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Welcome to Century 21 News Today
YOUR UPDATES ON MARKET TRENDS, CONDITIONS & REAL ESTATE INFORMATION
Did You Know?
…That according to MLS Regional Statistics to August 31st, 2007
- The number of listings year-to-date 10228 for 2007; 10136 for 2006—up 1%.
- The number of Sales YTD: 5162 for 2007, 4892 for 2006: up 6%.
- Total Sales Dollar Volume for 2007 YTD: $1,068,678,619; up 9% compared to 2006.
- Number of Expired Listings YTD: 2938 for 2007; 2940 for 2006—%’age change 0.
- Average Sale YTD for Niagara Region: $206,560 vs. $200,177 in 2006—up 3.19%.
(Source MLS Statistics Report, Niagara Association)
A home inspection is typically part and parcel of any real estate transaction today.
A seller may obtain one to identify the home’s strengths and weaknesses; information that can be used to craft marketing and pricing strategies.
On the other hand, a buyer would likely have a contingency that says if the home inspection reveals significant defects, he is not bound to his original offer.
In either instance, the seller should make certain preparations so that the property is ready for inspection. First, the home should be clean and tidy. You know what they say about first impressions. And although the inspector will consider a myriad of factors, it doesn’t hurt to start on a good note by presenting a well-kept home. Also, the buyer will most likely accompany the home inspector. You especially want the buyer to see a clean and presentable property.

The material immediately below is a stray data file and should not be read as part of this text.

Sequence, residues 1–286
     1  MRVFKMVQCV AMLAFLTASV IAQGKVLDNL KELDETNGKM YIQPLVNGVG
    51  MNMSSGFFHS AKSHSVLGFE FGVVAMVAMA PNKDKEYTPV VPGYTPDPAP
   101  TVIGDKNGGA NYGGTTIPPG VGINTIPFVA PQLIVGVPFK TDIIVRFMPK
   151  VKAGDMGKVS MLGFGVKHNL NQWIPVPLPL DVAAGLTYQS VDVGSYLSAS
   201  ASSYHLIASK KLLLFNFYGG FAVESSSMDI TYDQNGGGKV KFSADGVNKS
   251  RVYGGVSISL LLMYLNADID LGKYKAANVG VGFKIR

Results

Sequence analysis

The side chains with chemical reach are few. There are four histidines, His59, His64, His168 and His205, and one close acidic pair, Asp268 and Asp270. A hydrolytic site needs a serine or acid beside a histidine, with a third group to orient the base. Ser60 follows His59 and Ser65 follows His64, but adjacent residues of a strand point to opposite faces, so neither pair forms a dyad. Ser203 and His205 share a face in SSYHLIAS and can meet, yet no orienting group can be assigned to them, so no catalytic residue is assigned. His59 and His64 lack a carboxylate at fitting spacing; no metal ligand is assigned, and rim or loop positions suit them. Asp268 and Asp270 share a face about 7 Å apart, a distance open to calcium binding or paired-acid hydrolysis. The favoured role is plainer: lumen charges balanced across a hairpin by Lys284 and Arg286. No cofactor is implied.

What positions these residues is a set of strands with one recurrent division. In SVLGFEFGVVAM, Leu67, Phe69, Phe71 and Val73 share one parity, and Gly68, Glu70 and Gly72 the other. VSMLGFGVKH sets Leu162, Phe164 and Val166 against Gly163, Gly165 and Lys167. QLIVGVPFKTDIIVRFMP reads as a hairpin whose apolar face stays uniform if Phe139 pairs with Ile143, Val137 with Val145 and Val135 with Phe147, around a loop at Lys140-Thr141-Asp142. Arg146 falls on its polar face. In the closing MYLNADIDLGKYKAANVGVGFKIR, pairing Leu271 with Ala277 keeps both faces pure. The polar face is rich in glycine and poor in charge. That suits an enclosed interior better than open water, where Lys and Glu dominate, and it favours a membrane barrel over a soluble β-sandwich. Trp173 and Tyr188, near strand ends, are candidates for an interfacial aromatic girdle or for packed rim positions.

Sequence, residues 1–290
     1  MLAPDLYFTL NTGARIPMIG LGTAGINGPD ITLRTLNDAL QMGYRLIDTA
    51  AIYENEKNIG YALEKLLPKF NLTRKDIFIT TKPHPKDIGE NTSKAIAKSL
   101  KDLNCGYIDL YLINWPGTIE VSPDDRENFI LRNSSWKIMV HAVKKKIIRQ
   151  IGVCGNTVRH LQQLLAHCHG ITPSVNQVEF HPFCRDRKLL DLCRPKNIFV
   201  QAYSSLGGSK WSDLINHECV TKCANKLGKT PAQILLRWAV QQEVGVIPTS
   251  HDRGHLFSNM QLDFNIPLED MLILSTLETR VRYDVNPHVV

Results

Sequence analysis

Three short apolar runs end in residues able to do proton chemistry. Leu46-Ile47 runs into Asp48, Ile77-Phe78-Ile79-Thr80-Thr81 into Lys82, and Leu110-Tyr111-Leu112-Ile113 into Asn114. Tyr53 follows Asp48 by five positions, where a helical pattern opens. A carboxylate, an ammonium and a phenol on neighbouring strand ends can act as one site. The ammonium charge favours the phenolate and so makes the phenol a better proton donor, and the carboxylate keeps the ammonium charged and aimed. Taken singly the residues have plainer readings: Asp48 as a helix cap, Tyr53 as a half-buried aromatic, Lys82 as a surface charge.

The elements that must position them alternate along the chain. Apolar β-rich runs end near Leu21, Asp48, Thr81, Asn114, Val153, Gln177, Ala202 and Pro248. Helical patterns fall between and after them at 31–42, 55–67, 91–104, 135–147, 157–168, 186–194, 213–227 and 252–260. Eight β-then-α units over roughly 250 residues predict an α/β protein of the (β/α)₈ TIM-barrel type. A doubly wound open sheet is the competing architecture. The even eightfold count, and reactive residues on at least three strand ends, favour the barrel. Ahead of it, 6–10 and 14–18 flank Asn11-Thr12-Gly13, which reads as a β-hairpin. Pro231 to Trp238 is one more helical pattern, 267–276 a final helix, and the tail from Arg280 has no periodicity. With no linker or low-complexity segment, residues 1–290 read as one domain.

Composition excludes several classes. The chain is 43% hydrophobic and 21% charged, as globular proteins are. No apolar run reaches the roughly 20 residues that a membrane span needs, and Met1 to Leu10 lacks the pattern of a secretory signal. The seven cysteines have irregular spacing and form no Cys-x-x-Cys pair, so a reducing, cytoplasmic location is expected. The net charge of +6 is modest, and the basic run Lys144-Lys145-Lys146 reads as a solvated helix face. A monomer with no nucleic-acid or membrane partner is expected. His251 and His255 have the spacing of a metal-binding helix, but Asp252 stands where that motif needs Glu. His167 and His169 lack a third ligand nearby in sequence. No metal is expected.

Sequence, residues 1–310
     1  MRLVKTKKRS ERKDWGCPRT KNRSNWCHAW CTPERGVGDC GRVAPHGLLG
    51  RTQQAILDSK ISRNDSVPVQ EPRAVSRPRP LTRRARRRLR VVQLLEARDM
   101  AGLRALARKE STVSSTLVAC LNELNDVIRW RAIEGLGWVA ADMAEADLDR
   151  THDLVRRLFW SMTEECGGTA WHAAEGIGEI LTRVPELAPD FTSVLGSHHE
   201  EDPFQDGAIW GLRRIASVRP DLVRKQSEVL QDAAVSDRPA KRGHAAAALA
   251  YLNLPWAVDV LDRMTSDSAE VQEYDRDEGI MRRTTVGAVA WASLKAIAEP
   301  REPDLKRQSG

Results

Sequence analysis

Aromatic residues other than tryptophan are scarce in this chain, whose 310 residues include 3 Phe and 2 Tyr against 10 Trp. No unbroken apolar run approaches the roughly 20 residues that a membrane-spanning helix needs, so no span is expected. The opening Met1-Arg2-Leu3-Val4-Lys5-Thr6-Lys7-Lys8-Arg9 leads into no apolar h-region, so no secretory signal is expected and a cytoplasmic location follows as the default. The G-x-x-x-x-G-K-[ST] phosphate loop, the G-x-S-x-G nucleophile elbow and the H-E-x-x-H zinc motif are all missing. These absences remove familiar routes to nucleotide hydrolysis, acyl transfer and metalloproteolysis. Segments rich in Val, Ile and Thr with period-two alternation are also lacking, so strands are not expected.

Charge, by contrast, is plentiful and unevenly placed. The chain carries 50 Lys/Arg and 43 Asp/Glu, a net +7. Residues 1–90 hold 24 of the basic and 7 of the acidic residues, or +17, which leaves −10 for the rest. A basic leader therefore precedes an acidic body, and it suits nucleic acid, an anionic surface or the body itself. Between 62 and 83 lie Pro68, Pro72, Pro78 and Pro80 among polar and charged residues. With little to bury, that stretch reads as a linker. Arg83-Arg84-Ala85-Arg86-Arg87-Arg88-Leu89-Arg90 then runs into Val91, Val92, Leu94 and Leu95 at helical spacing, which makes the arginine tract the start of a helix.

If you have pets, particularly a dog, make arrangements for him or her to come with you while the inspection is being conducted. You do not want the pet to be a distraction or a nuisance.
Next, provide easy access to all rooms including the garage, basement, attic and crawl spaces. All doors should be unlocked or keys should be provided. Withholding access can delay the final report or worse, make it look like you are trying to hide something.
In order to check the working order of the home’s systems and appliances, the inspector will need to have gas, electric, water and other utilities on.
In the days leading up to the inspection, take some time to pull together relevant paperwork and information. This may include a roster of repairs made on the home, receipts for appliances, and invoices for remodeling or renovations. For example, if you recently replaced the roof, the buyer and inspector will want more than your word. An invoice for the job will show when the work was completed and provide some idea about the quality of the materials used.
Things You Need to Know
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Buying? 4 Variables to monitor once you decide you are in the market.
For anyone looking to buy a home, watching the real estate market is a requirement. It can help you make informed decisions and be a better consumer.
Here are four variables to monitor.